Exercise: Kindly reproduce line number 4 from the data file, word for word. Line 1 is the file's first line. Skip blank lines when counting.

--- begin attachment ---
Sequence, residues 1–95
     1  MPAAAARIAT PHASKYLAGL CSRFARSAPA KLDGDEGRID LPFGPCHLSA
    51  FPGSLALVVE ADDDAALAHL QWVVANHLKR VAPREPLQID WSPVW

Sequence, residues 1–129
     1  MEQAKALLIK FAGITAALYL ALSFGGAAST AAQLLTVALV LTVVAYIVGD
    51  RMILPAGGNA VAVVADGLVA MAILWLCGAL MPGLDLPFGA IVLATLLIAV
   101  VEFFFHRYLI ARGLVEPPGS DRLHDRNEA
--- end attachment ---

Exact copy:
Sequence, residues 1–129